The position we take here is that, whether human acts that help others are borne of selfishness, altruism or even hedonism, doesn't greatly matter. It is simply useful to recognise that people are motivated to achieve outcomes for both themselves and others in their purchase behaviour. Furthermore they can be motivated to achieve such outcomes for people they know (e.g. gifts), people they don't (e.g. fairtrade), or people not yet alive today (e.g. sustainable investments). Moreover, they can broadly seek to enable the same classes of Effort and Experience outcomes they seek for themselves, described above.


Ethical consumer behaviour also transcends buying decisions: Consumer behaviours included a wide range of actions, from boycotting products, to promoting them. Consumers retaliate against moral violations (Komarova Loureiro et al, 2018). Different motives have been ascribed to different ethical stances, ranging from expressions of love, appreciation of aesthetics (e.g. Smizgin and Carrigan, 2006), to expressions of concern for personal well-being (e.g. Vermeir and Verbeke, 2006) and expressions of guilt (Bray et al, 2011).


Three broad classes of ethical behaviour have also been noted, originating from different motivations Delistavrou et al (2017) described observing them at play in the Greek consumer market: a) Positive Ethical Consumption is typically where better educated and well-off (mainly female) consumers exercise their consumer power to exert political influence. b) Negative Ethical Consumption is where consumers boycott or avoid products or brands, and is exercised by more powerful, highly-educated consumers. c) Discursive Ethical Consumption is endorsed by younger, less materialistic and well educated consumers "who ... aim to share information about business practices against their moral values" which can evolve into "radical consumer activities, such as protests, marches."


"Purpose brands" have responded by developing products that directly address the source of the consumer concern e.g. renewable energy companies that are motivated to directly address climate change. A number of such brands have been successful e.g.:


Good Energy: Offers electricity with a 100% renewable mix, provided by 2,000 local independent regional generators.


Brewdog is an "anti-establishment" zero carbon brewer.


Coral Eyewear make glasses frames from the nylon of recycled fishing nets and fabric scraps from landfill.


TOMS is a US a shoe retailer who donate one pair of shoes to disadvantaged groups for every one bought.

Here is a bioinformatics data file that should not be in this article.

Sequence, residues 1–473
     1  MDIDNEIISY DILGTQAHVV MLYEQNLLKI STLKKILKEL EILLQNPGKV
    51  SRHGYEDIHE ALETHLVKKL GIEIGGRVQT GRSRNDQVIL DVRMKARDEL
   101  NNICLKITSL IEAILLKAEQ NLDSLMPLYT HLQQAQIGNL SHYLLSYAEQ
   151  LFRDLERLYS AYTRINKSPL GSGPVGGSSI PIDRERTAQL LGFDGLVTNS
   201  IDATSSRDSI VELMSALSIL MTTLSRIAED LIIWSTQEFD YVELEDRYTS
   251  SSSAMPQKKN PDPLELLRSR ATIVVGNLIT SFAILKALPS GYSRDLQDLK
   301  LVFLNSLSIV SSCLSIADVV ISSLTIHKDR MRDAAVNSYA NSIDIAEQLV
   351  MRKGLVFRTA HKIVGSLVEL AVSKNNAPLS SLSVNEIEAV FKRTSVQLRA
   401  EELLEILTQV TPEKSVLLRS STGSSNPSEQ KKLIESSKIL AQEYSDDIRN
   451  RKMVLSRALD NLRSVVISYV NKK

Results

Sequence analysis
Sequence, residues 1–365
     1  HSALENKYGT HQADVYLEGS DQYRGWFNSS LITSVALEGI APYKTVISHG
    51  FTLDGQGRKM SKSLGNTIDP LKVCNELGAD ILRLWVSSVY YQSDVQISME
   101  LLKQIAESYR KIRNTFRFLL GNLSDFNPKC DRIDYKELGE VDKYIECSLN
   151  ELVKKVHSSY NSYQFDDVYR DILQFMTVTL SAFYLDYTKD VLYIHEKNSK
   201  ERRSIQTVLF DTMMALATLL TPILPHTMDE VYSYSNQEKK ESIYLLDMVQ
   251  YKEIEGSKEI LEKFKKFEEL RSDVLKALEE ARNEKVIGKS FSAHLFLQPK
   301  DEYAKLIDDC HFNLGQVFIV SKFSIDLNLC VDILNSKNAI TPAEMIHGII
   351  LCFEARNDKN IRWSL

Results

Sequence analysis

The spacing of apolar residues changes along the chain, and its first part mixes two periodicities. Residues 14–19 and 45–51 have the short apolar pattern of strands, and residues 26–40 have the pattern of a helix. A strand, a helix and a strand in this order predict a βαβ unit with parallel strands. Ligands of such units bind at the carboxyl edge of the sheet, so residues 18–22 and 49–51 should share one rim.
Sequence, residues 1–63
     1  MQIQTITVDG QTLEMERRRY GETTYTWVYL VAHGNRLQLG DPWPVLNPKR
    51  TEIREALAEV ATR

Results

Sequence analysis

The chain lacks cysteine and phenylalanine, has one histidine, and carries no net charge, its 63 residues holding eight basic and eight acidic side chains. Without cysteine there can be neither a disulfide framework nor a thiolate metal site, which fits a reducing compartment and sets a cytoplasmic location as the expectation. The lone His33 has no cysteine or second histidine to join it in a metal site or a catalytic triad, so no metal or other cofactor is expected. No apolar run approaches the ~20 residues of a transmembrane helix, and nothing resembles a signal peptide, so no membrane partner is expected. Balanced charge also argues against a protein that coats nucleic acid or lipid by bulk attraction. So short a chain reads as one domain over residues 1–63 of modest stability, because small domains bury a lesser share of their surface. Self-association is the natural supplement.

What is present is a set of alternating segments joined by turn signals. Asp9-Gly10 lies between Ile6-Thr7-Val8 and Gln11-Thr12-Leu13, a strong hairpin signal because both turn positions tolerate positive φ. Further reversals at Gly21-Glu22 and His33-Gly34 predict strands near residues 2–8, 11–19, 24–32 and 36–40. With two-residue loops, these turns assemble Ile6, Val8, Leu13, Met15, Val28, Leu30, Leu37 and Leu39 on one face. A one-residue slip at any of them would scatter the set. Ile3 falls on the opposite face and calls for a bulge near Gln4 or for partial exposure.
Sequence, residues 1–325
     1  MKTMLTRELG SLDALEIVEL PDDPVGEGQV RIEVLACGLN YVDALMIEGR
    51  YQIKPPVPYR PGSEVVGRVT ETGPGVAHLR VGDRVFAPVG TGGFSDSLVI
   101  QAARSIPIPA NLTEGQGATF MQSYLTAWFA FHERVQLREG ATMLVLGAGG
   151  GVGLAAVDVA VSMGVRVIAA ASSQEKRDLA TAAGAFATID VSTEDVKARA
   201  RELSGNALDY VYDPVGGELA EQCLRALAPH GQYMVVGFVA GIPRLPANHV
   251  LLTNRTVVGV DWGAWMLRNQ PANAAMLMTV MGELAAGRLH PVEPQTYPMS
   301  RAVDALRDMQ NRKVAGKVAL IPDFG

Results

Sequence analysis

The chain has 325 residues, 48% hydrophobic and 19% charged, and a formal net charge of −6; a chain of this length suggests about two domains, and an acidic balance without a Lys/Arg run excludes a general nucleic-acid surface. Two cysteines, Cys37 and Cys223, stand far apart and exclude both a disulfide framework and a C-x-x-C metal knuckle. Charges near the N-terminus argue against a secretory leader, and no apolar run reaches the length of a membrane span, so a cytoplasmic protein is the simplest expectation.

Tesla, the famous electric-car manufacturer, has a mission to "accelerate sustainable transport."


More broadly, most organisations have faced growing but diverse sorts of pressure from a spectrum of consumers, employing different influences, as well as the sorts of disruptive competition created by purpose brands. Again, one might see debates on whether such brands are self-serving or altruistic, given that research has shown 78% of consumers are more likely to remember a brand with a strong purpose, and 72% said they would be loyal to such a company (Porter Novelli, 2021). However, the ends is to drive changes in both consumer behaviour and experience.


In terms of changes to the customer experience, over recent years, there has been rapid momentum in practices of reporting progress towards sustainability and EDI goals, within the broader banner of Environmental and Social Governance (ESG). In the US, 90% of the Russell 1000 companies were reporting ESG goals by mid 2023 with large cap companies approaching 100% (G&A, 2023). In turn, 57% of investors have adjusted their investment strategies in response to ESG (Natixis Investment Managers, 2023). Consumers are building in the evaluation of such credentials into their purchasing behaviour.



Economics

The three dimensions - Effort, Experience and Ethics - concern the consumer and their internal decision-making. The final dimension that is driving Customer Experience concerns the wider pressures on the service organisations delivering them.


To survive and succeed in the marketplace, organisations are needing to meet evolving consumer needs for (minimal) effort, (memorable, stimulating) experience and ethical contributions to a greater-good, to a level that equals or betters competition on at least one source of differentiation.


Organisations also need to make a profit in doing so, which brings in the question of economics, and the 'efficiency' with which needs can be met.